Time travel is a tricky thing. How do you effectively show time travel when the science isn’t quite there to make it tangible? But wile movies like Back To The Future, The Terminator, and Primer do the sci-fi concept justice; they are often riddled with “problems” by fans of the genre. In Rian Johnson’s new film, Looper, he tries to portray time travel as something organic and not merely plot points on a map, chart, or timeline.
In an interview with Mike Ryan from the Huffington Post, Johnson admits problems that come along with telling a story with heavy time travel elements. The high-concept director wanted to tell an engaging story without having the tropes of time travel to bog down or get in the way of the storytelling. Often times, fans of the genre would point out that some time travel movies don’t “make sense” when it comes to creating paradoxes and time loopholes.
The premise of Looper involves a hit man named Joe (Bruce Willis) who was sent back 30 years in the past to be killed by his younger self (Joseph Gordon-Levitt). The question arises, if the younger Joe is now aware that he will get sent back to the past to be executed, does he know to avoid whatever he did to get sent back? Johnson’s explanation for this paradox comes from the mindset that time travel is an organic occurrence and the memories of both versions of Joe are trying to work its way to become sharp, once they become concrete. Johnson explains:
Well, first and foremost, and this sounds like a cheat, but, in reality, this is the only thing that made sense to me: I feel like so often the paradox element of time travel is approached from a chart perspective, or from a timeline perspective — from a mathematical perspective where “A” happened so “B” happened so “C” happens. In my mind, it made much more sense to look at the universe and the way the universe deals with these paradoxes. To look at it as an organic body and to look at it … it’s almost like you push a foreign object into an organic body…” Johnson continued, “And in the present moment where they’re defined, they become sharp again. But the main thing is, the memories are just trying to adjust and trying to figure out how to deal with this paradox. Which, to me, is how the universe actually works. You know, it’s a big, organic mass.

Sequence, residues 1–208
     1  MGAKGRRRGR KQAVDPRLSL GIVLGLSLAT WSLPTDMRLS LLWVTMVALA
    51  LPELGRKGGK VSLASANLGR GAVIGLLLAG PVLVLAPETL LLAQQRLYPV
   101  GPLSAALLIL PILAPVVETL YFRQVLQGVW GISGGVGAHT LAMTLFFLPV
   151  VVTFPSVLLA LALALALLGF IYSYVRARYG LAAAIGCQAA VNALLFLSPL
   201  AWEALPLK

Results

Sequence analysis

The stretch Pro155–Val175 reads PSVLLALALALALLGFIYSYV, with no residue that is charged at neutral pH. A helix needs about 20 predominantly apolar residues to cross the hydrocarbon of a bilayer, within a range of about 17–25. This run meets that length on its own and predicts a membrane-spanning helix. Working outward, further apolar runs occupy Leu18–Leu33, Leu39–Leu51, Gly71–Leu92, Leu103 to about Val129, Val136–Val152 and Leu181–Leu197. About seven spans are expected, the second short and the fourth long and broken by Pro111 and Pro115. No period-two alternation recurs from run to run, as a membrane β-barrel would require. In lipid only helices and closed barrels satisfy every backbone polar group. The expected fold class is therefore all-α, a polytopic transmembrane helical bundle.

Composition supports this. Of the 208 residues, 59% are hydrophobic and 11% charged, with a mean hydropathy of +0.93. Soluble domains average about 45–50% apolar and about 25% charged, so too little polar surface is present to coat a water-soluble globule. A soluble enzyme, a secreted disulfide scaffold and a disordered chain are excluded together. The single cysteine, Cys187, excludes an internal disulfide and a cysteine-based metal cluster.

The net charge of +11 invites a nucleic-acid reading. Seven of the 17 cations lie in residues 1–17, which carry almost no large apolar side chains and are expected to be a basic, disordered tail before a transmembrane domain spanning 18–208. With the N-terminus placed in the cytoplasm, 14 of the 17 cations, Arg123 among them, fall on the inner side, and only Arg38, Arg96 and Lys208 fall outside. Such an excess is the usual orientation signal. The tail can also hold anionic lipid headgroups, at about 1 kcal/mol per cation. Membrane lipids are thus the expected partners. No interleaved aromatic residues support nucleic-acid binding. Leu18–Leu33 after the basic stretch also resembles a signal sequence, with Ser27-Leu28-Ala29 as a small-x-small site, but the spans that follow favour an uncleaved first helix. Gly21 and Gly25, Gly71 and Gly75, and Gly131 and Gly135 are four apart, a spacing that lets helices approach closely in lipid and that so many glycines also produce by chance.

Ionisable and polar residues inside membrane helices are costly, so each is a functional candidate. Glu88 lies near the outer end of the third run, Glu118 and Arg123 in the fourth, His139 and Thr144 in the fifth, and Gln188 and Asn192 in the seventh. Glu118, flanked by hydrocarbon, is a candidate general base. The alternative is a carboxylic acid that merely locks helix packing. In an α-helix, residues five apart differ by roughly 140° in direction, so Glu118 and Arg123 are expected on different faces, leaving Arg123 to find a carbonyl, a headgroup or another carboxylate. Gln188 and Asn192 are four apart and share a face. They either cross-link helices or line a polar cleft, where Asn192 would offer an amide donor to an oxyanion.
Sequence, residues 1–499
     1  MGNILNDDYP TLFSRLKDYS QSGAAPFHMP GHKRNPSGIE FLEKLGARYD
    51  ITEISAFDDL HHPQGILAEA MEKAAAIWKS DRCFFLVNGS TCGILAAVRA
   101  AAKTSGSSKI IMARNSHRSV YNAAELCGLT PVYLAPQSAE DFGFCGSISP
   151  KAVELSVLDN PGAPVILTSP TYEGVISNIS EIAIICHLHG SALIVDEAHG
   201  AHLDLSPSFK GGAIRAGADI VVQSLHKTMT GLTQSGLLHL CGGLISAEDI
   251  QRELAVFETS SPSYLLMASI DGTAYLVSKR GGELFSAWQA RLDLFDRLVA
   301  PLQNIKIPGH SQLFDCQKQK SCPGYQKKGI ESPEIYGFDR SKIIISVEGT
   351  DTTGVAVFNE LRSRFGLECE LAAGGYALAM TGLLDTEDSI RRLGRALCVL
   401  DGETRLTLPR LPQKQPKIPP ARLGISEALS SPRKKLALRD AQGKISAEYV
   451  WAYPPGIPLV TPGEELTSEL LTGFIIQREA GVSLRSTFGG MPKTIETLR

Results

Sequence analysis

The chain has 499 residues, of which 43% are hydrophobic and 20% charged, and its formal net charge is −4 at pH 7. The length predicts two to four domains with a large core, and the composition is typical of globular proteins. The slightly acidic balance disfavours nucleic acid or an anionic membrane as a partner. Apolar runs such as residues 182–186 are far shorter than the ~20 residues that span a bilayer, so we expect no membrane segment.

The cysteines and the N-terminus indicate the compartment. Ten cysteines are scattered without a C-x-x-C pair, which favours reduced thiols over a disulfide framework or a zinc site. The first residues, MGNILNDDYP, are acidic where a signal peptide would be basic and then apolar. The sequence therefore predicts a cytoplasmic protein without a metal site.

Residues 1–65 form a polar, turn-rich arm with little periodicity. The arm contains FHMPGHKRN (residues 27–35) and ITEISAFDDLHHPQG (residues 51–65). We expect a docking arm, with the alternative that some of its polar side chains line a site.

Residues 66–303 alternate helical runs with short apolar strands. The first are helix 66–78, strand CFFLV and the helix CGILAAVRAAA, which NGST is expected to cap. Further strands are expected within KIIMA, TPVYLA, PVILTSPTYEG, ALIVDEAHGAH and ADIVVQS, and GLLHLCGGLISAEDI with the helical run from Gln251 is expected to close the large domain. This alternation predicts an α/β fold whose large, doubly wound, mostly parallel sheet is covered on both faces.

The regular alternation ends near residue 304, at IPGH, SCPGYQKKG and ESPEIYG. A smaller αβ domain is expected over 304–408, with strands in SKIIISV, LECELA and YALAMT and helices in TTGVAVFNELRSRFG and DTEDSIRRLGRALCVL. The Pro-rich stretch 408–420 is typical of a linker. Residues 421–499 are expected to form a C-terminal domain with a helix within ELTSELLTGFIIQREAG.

We’ll see how Rian Johnson tackles time travel when Looper is released in theaters later this month. This interview serves as food for thought when it comes to looking at time travel as a natural occurrence rather than a mechanical one. It also sounds like time travel is a small piece in the bigger puzzle of Looper.
Looper opens in theaters everywhere on September 28th.